The nun banned by the bishop will speak in Charlotte after all – at a Baptist church.
Sister Jeannine Gramick, who ministers to gay/lesbian/transgender communities around the country, will address a conference May 16 at Myers Park Baptist Church, 1900 Queens Road. Her subject: “Including LGBTQ and Their Families in Faith Communities.”
But when that news reached Bishop Peter Jugis, of the Catholic Diocese of Charlotte, he ordered the church to not let her speak. As Jugis spokesman David Hains told the Catholic News Herald, the diocesan newspaper: “New Ways does not speak legitimately for the teaching of the Catholic Church and therefore cannot be allowed to hold gatherings on church property.”
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The paper also reported that, in 1999, the Vatican found Gramick’s views on homosexuality to be “doctrinally unacceptable.”
Catholic teaching says that homosexual acts are sinful, and the two popes before Pope Francis – including John Paul II, who named Jugis bishop in 2003 – took a hard line. Pope Benedict XVI even wrote in 2005 that homosexuality should be treated as “an intrinsic moral evil.”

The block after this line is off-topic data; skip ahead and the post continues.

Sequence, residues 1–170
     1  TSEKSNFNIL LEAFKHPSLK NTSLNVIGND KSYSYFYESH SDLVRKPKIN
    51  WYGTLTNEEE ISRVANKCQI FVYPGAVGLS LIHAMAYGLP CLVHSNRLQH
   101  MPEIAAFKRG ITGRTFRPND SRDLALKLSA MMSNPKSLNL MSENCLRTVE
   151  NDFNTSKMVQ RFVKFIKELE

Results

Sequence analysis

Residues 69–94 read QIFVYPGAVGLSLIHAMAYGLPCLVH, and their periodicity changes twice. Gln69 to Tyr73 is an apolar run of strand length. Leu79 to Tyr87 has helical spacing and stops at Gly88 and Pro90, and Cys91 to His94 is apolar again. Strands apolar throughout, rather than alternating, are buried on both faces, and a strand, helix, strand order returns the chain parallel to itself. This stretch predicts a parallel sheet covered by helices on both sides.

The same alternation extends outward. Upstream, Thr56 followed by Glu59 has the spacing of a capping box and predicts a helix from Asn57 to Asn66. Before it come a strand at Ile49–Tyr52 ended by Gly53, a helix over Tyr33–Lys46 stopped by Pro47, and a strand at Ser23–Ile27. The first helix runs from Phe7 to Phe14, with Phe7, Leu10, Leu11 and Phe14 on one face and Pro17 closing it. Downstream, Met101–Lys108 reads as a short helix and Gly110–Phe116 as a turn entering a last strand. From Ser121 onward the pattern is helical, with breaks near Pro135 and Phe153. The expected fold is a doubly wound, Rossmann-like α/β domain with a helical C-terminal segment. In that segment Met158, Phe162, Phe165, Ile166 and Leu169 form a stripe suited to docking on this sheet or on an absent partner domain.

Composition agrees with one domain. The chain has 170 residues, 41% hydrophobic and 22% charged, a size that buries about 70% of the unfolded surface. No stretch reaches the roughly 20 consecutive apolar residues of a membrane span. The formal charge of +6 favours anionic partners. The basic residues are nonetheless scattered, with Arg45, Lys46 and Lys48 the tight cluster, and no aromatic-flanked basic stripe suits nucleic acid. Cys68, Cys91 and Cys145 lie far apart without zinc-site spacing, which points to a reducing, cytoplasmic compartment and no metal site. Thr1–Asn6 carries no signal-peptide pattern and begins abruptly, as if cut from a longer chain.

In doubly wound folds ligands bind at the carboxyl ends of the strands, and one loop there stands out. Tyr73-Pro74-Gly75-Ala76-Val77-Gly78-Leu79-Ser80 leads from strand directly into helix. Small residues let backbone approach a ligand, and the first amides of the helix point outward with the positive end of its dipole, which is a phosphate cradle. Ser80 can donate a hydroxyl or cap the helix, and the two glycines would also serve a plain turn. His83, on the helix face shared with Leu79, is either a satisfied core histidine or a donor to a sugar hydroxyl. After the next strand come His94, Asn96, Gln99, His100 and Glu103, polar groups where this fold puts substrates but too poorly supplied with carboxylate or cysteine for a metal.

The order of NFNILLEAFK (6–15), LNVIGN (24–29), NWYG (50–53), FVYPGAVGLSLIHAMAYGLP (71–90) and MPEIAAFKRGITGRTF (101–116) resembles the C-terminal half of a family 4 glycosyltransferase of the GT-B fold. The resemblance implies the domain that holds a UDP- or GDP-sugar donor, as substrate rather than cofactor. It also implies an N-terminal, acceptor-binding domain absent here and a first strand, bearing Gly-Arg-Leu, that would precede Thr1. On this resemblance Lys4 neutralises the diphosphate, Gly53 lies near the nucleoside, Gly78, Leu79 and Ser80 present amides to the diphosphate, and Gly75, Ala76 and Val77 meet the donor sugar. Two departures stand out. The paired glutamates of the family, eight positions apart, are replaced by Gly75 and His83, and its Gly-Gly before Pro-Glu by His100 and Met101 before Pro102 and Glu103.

But the tone, if not the teaching, has changed under Pope Francis. In an interview with a Jesuit magazine nearly two years ago, the pope said the church had grown “obsessed” with abortion, gay marriage and contraception. He appeared to be criticizing some church leaders for putting dogma ahead of pastoral love.
And while not rejecting church teaching, the pope also answered “Who am I to judge?” when asked in 2013 about the sexual orientation of gay priests.
After Jugis barred Gramick from appearing at St. Peter, “members of our LGBT fellowship group jumped in,” said the Rev. Robin Coira, executive minister at liberal Myers Park Baptist. “We’re delighted to host the event.”
Gramick’s visit will be sponsored by the Charlotte chapter of PFLAG, short for Parents, Families and Friends of Lesbians and Gays.
The group’s local president is Diane Hill Troy, a Catholic who’s a parishioner at St. Peter. .
“The lack of acceptance and inclusion in many faith communities is one of the most difficult challenges facing LGBTQ people and their families,” PFLAG Charlotte said in announcing the change of venue for the speech. “It is comforting to know that the long list of LGBTQ accepting communities here in Charlotte grows every day.”
The May 16 event at Myers Park Baptist’s Heaton Hall is free and will begin at 8 a.m. with coffee and pastries. The conference is 9 a.m. to 12:30 p.m.
Tim Funk: 704-358-5703; email@example.com